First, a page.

What will we do without Downton in 2017? Will our biological clock even recognize it’s a new year?
But at the moment, let’s just celebrate this monumental achievement for one last time. If Sunday’s Episode 1 of this last Season signifies anything, it’s: tis the Season to be jolly.
This intro Episode has well prepared us for some neatly resolved, long due conclusions, and rightly so. For how can we live with an unsettled ending for any of its characters? They all deserve a good life, don’t they, including Mr. Barrow, the in-house villain? Well yes, but maybe not for a thief and blackmailer like Ms. Bevan.
Thanks to Ms. Bevan though, Mary’s secret is finally made known to Robert. Charlie Sheen had thought of it first: if the secret is out, no one can blackmail you anymore. Simple. But of course, Mary has her point. Tony Gilliangham is just not good enough for her. And the best line of the Episode belongs to our inimitable heroine:
“I’d rather be alone than with the wrong man.”
With that line, Robert knows his daughter can run the kingdom, let alone Downton Abbey.
Talking about good lines, looks like our scribe Julian Fellowes wants to leave us with more indelible ones just as parting mementos.
With this episode, we finally see that Mrs. Patmore has talents other than the culinary. Why, acting as a go-between to sort out marriage expectations sounds as nasty a mission as Ethan Hunt of the Impossible Missions Force would choose to accept. Well, what are friends for. And we applaud her (ugh… awkward) effort.
Yes, Mr. Carson will take Mrs. Hughes, wrinkles, warts and all, with the lights turned off or on. A gratifying, redeeming scenario in an alternate universe far from Ishiguro’s The Remains of the Days.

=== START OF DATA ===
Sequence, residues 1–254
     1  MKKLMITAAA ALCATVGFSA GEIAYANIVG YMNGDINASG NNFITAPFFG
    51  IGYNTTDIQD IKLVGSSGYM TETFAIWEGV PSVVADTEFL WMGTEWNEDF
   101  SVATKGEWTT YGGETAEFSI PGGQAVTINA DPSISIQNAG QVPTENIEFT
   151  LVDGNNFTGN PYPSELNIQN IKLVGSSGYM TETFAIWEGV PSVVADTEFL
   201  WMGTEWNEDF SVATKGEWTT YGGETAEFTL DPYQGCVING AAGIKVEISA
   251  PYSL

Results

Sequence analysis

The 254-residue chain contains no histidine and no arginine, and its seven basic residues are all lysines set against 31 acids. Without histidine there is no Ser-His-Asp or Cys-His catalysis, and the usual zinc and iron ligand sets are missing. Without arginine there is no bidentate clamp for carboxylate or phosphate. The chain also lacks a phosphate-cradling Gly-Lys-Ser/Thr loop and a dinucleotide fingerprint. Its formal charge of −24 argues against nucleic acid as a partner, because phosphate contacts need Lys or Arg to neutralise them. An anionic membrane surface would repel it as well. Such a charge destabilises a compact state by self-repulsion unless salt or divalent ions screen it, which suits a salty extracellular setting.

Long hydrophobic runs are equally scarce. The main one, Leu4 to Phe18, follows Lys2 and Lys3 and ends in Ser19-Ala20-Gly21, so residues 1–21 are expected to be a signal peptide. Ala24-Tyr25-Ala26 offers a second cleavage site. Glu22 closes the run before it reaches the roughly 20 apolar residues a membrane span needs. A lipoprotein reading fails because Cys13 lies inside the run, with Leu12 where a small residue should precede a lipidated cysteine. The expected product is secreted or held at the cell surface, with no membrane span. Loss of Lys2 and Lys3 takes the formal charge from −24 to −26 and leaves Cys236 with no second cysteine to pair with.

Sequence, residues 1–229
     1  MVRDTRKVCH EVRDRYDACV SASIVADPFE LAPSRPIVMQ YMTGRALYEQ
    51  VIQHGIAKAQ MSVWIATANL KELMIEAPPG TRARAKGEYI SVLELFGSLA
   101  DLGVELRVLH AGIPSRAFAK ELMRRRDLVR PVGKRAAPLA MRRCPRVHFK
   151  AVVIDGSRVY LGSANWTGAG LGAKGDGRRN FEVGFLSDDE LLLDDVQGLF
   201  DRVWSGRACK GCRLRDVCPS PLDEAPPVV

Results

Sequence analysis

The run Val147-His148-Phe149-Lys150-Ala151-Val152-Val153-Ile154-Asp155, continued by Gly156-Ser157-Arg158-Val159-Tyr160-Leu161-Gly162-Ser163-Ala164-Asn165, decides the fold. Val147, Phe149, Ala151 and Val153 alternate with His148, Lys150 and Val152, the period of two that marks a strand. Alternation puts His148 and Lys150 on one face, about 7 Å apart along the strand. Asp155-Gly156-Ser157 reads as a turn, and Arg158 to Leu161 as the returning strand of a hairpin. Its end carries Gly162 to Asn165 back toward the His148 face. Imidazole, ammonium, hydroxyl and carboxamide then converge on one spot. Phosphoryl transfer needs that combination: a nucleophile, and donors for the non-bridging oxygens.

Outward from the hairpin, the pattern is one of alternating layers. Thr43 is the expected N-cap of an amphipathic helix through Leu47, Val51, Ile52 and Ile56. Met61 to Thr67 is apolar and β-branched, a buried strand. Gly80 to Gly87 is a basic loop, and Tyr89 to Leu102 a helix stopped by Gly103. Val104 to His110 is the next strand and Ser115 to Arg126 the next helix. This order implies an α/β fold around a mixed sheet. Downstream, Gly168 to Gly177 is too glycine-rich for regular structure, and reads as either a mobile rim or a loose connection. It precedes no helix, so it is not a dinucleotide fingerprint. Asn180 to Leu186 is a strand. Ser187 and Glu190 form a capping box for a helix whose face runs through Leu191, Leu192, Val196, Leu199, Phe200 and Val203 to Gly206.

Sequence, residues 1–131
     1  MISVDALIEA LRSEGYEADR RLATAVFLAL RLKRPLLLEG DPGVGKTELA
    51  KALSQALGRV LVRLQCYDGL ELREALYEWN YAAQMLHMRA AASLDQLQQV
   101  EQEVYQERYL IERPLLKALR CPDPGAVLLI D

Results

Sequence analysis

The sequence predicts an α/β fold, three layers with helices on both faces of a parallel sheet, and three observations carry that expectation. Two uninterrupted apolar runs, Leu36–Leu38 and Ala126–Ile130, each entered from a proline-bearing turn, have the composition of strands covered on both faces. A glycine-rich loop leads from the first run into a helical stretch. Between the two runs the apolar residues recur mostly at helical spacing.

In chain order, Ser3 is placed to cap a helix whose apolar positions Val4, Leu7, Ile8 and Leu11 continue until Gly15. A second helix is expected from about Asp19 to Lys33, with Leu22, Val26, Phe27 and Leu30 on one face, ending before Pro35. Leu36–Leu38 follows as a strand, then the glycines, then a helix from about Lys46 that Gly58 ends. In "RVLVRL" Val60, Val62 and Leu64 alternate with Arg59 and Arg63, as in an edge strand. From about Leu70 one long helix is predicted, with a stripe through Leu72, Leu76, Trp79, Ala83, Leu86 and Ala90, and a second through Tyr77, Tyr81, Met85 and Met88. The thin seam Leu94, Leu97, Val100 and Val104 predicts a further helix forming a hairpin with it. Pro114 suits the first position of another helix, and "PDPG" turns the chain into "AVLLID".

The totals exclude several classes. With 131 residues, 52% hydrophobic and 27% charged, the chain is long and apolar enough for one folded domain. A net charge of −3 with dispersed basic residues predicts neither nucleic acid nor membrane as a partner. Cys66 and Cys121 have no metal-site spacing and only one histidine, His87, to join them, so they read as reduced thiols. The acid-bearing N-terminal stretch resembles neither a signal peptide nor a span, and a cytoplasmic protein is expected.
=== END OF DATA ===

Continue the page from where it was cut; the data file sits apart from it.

And at long last, Mr. and Mrs. Bates are proven to be innocent of any and all crimes. Mr. Green apparently had more enemies than anyone would have thought. But while the Bates escape the miscarriage of the law, will Anna be safe from the literal, biological kind? Of course we all wish them well in giving Downton some more little ones, upstairs or down, since little Sybil will move to America with her Daddy and Marigold to London with her Mommy, and especially when they have an in-house piggy backer with Mr. Barrow.
Speaking of moving away from the aristocratic nest, I’m glad to see Edith find a place in London that she can be both a mother and a career woman. Although she soon finds being a woman boss is more challenging. But I’m sure she won’t be complaining much as she enjoys the benefits of mixing with the Bloomsbury group and meeting Virginia Woolf.
“I feel I have been given one little bit of happiness and that will have to do,” Edith’s line of self-sufficiency, one that can match her indomitable sister’s willingness to be alone than with the wrong man.
Looks like Downton embracing modernity is the theme this Season and I’m sure Daisy will one day make one devoted and effective Suffragette. Too bad the film has been made or else she’d be one fine comrade fighting shoulder-to-shoulder with Carey Mulligan.
Embracing or being enveloped by modernity, Isobel and Violet represent the two camps, the ready and the reluctant. Again, here sparks fly regarding the control of the village hospital. Violet will hold on to her principle, in whatever aspects of life: “Sometimes it’s good to rule by fear.” While Isobel does not flinch, it’s definitely effective for her servants, especially Miss Denker.
Last but not least, Robert brings Cora down to the kitchen, takes cold chicken out from the refrigerator all by himself, and eats a drumstick with his fingers? Do we need any more obvious signs of embracing modernity?
I trust Season 6 will be a delicious treat.
What are your favourite scenes?